The keynote speaker was Dr Robert Johns from the University of Strathclyde. He gave an overview of the research into voter turnout worldwide. He highlighted three main factors influencing turnout.
- Duty voters. These can be persuaded to vote by a range of Get the Vote Out (GOTV) methods and this can improve turnout by as much as 7%. Direct contact is best but telephone/text is also effective. Interestingly, peer pressure through social networking is less effective because we tend to associate with like minded people who will have voted anyway.
- Effort of voting. Need to make voting as easy as possible. Multiple days has little effect but Sunday voting is effective. The most effective is a total postal vote and this can increase turnout by up to 15%. It will be interesting to see how our pilot health board elections work out in this regard.
- Benefits of voting. Voters are more likely to vote if they think their vote matters. Hence higher turnout in parliamentary than local elections. He also indicated that outsourcing reduces turnout by 1.7% for every service outsourced, because it diminishes the role of councils in the eyes of voters. Here lies the key - we have to make election contests matter to voters.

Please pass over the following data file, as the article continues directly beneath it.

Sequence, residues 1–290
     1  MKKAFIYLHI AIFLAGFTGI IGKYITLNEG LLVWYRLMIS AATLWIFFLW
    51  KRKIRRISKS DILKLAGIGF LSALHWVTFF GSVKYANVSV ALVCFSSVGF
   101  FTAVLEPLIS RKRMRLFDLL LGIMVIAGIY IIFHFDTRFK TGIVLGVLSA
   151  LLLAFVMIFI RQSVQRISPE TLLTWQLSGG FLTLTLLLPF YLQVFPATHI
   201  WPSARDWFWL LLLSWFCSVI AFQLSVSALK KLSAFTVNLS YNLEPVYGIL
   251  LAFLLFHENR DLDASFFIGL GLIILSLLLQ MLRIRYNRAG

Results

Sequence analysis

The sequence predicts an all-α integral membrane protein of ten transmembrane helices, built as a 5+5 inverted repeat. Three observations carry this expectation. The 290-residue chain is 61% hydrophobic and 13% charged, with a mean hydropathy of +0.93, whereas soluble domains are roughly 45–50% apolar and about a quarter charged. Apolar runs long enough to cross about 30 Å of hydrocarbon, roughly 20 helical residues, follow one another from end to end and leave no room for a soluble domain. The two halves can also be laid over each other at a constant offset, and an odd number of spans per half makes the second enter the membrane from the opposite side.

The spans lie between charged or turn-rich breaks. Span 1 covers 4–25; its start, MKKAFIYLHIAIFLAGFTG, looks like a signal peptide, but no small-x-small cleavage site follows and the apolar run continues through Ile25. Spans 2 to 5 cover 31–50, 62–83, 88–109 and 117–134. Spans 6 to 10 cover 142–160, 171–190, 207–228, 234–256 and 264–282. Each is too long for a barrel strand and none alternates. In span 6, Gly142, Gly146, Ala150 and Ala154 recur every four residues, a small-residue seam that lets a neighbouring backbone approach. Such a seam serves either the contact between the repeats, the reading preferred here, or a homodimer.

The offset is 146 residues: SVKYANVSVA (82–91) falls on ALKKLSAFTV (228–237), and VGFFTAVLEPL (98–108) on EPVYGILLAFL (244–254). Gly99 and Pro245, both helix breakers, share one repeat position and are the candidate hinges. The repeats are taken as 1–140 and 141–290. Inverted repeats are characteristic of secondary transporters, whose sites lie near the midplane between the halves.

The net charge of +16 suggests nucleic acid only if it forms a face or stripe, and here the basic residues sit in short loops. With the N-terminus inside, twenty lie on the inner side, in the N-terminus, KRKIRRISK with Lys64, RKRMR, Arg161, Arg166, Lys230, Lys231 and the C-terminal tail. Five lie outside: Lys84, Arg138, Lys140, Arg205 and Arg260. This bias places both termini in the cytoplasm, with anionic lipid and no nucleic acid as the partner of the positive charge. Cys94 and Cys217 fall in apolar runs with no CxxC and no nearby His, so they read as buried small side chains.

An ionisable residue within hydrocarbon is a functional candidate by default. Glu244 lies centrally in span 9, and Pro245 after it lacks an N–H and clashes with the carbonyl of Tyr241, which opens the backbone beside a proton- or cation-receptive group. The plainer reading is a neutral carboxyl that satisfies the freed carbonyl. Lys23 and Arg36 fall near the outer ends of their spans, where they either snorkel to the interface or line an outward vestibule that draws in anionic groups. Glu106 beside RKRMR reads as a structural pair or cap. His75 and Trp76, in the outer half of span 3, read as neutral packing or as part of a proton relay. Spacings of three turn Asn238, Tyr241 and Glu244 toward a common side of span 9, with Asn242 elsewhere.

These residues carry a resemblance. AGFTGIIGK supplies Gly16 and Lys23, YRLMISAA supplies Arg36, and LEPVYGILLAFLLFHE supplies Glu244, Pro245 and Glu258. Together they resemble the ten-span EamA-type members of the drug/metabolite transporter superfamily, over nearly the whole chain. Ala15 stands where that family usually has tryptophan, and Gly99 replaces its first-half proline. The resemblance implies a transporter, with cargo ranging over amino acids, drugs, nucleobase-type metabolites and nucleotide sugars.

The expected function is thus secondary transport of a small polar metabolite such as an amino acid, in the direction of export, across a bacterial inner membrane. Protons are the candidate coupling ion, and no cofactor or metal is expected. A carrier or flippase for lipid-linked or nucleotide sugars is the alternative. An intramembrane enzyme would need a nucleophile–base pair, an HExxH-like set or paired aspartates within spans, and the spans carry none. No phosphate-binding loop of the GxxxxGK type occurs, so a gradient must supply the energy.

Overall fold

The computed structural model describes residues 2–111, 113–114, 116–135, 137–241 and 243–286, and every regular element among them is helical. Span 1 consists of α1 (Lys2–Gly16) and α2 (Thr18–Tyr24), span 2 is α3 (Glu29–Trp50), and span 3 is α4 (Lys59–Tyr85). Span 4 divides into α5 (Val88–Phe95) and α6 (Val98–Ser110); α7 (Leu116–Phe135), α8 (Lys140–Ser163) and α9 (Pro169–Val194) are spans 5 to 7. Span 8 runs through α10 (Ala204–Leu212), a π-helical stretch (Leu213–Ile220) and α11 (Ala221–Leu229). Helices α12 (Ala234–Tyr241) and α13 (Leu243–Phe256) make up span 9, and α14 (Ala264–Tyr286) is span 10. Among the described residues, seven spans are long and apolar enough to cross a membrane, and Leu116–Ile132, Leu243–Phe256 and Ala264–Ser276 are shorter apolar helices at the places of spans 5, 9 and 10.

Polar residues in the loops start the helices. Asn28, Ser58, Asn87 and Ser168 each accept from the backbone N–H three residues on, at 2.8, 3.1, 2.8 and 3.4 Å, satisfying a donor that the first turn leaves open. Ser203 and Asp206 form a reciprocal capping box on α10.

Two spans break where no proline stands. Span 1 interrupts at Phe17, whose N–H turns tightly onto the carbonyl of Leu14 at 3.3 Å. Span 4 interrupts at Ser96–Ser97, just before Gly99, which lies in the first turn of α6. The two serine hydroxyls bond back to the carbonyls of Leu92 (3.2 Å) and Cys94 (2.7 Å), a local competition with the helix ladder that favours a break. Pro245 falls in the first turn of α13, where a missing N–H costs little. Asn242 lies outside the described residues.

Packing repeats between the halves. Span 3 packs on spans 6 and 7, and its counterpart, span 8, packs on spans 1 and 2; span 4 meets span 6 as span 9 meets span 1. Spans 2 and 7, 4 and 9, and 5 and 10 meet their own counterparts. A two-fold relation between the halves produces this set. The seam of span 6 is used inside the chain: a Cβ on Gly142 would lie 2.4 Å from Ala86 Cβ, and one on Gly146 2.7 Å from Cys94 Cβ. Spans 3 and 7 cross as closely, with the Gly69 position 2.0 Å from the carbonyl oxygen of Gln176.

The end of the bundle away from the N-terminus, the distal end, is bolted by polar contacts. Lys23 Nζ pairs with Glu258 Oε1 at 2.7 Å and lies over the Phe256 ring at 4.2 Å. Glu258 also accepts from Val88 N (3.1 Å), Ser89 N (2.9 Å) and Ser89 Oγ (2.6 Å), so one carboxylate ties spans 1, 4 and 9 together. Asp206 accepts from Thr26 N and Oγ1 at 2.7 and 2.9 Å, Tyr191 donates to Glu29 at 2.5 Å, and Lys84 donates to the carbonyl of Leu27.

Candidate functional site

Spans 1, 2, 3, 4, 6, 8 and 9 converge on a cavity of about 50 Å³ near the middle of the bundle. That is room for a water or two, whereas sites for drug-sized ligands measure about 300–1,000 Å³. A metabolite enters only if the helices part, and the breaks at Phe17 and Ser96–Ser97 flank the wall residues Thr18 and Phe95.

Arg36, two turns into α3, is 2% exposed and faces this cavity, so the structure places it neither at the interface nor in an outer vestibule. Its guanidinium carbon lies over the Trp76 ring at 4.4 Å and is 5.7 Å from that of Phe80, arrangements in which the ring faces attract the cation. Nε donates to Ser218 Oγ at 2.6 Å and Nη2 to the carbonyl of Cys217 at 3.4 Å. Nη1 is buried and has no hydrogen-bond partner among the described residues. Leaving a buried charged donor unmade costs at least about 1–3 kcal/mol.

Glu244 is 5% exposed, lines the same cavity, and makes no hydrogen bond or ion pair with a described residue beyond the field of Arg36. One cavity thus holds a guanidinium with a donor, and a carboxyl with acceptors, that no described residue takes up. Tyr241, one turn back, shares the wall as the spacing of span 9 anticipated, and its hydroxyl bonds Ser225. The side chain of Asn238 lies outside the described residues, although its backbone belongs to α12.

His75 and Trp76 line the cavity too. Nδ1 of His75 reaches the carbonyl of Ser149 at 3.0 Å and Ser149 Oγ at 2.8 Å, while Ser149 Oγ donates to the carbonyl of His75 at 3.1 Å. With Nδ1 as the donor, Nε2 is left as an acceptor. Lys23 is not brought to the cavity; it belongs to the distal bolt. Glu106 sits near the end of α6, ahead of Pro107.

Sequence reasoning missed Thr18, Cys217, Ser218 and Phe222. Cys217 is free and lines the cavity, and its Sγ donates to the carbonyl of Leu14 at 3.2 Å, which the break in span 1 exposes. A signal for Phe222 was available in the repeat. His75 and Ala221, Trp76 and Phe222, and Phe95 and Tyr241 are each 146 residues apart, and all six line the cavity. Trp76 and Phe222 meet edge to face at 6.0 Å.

In my workshop we heard from Stuart Moir a Senior Community Education Worker at West Lothian Council who described the impressive work his department had done to increase voter registration amongst young people. Plus a range of other ideas from councils and voluntary organisations.
Plenty of food for thought as to how we could improve our political education to encourage the benfits of voting and then getting members into the habit of voting with GOTV techniques.